• Climate change. Using biofuels helps to reduce greenhouse gas emissions. The European Union has a target of replacing over 5% of all transportation fuel with renewable fuels by 2010. Creating high yields on existing farmland reduces the drive to cut down forests for new agricultural land. Loss of forests has big impacts on wildlife and also on climate.

Syngenta also plays an important role in creating networks of groups working to resolve local and global issues related to fuel and food. For instance, Syngenta is partnering with the Royal Society of Chemistry to set up the Pan-Africa Chemistry Network. This brings together universities, schools, scientists, teachers and students in Africa to share ideas and resources in conferences and workshops.

 Technological factors

Syngenta is a science and technology leader:

  • Its products increase the output from existing farmland.
  • It develops new products for sustainable agriculture and integrated pest management programmes.
  • It helps to shape new agricultural technologies that can transform lives.


Syngenta works in partnership with governments and environmental organisations to create products that protect biodiversity and conserve soil and water. Products that remove weeds without farmers ploughing the fields help to reduce soil erosion. This leads to improved soil quality and helps to retain water. It also improves biodiversity, which contributes to increasing bird numbers.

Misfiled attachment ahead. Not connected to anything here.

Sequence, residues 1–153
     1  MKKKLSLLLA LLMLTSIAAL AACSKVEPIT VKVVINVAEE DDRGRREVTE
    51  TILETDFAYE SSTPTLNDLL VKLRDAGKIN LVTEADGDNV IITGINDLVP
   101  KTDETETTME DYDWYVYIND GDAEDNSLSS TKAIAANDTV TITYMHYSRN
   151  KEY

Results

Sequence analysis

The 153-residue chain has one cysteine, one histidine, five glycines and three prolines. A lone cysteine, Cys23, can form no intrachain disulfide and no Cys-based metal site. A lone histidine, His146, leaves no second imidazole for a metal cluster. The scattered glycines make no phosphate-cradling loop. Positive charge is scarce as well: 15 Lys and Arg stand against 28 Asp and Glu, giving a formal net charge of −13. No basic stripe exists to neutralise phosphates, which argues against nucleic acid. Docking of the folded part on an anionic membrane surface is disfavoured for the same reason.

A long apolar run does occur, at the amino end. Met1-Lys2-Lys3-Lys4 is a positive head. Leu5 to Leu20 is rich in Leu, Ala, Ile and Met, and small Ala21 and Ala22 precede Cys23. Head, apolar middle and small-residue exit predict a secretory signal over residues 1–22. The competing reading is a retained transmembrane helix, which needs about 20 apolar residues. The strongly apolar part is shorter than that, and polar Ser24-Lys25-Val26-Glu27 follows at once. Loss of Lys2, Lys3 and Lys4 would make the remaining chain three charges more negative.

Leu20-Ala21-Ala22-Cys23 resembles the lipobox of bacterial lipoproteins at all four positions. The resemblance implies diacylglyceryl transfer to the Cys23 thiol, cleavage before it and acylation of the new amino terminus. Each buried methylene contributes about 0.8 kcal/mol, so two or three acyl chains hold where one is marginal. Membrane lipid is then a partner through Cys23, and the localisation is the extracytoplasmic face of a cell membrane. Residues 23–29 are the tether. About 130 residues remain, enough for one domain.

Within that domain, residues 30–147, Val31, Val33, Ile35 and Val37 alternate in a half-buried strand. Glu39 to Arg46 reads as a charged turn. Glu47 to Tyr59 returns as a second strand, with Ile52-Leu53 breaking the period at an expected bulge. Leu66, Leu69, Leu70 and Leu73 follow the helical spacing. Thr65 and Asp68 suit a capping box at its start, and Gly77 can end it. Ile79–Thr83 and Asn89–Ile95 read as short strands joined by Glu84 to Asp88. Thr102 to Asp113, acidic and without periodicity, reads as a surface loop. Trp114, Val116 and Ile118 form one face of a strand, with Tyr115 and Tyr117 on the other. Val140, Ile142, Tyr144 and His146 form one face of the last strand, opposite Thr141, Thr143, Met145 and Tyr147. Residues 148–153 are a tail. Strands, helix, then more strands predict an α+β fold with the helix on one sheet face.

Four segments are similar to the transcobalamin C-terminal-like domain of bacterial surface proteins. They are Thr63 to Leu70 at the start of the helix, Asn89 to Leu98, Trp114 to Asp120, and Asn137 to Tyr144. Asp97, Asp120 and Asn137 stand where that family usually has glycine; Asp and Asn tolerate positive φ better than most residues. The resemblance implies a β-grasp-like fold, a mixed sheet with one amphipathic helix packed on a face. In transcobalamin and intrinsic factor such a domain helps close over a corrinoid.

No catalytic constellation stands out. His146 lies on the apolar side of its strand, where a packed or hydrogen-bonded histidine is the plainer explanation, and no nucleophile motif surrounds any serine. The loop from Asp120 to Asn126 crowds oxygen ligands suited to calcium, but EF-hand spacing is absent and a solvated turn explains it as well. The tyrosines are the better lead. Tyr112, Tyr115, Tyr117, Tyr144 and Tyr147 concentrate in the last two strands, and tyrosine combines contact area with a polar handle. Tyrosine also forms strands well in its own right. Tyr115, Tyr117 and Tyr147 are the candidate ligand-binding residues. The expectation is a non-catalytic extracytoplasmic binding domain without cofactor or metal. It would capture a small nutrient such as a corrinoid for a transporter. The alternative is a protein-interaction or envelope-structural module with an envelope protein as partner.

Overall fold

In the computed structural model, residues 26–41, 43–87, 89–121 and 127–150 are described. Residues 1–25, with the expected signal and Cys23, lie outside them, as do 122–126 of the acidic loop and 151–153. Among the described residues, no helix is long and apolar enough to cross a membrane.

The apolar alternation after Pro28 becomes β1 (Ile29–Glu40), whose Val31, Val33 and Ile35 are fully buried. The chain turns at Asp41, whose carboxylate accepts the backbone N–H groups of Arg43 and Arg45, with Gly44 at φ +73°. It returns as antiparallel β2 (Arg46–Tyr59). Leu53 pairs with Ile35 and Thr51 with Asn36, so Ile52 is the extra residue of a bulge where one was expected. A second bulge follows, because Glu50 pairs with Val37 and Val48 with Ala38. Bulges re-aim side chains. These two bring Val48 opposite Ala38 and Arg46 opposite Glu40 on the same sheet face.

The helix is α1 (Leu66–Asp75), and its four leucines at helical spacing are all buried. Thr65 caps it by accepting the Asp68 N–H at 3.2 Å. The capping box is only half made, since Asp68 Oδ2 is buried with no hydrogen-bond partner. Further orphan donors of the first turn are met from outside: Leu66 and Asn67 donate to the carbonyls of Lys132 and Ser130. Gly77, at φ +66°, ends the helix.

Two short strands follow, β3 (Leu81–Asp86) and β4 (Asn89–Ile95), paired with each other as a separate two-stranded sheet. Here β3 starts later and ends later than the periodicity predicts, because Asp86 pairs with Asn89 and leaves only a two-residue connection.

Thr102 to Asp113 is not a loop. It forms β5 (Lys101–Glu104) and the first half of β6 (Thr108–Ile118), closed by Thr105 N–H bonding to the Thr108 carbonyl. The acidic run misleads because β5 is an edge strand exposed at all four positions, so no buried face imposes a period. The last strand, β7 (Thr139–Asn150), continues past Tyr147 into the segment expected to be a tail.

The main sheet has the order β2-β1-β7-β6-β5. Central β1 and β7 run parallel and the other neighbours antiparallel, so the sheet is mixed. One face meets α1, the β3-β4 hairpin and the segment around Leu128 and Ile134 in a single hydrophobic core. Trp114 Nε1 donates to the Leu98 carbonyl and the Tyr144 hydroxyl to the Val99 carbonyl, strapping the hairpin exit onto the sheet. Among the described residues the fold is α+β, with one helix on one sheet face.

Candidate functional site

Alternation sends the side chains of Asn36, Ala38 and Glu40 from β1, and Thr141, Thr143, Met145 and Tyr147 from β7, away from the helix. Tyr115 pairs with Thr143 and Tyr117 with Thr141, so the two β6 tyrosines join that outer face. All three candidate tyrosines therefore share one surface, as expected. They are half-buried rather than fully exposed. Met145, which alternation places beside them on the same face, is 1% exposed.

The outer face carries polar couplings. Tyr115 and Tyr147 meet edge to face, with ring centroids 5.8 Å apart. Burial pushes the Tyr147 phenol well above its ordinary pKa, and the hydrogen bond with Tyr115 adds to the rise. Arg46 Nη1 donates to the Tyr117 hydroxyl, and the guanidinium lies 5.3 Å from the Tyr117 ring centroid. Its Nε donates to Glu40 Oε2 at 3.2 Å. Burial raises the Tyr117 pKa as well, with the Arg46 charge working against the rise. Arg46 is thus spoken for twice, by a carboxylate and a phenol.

Syngenta has responded to technical advances in other areas. For example, in order to reduce CO2 emissions, car manufacturers are developing new engine technology in order to use alternative fuels.

Syngenta's development of biofuels works in harmony with this. It is now working to increase the efficiency of ethanol technology to provide enough biofuels for future generations. For example, Syngenta is helping Brazilian sugarcane growers to be more efficient in growing crops for fuel production. 'Fuel farming' is already possible with a number of different crops, such as corn in the USA, sugar cane in South America and soya in Asia.

New technologies

Syngenta is developing Amylase technology in corn. Amylase increases the efficiency of ethanol production from corn. Research indicates that it could also have broader benefits including energy cost savings and reduced water usage without an equivalent increase in corn acreage.


As the world's population grows and living standards improve, society needs more fuel and more food.

A plant science business like Syngenta needs to understand the SLEPT factors in its environment. This helps it target its scientific research and technological development to:

  • increase crop output
  • improve yield to enable farmers to provide the increased demand the world needs
  • create biofuels to replace existing fuels
  • reduce society's impact on biodiversity

Syngenta is a leading supporter of food, feed and biofuel production. It plays a crucial role in helping to address the two global challenges of food security and energy security without the need to devote more land to agriculture.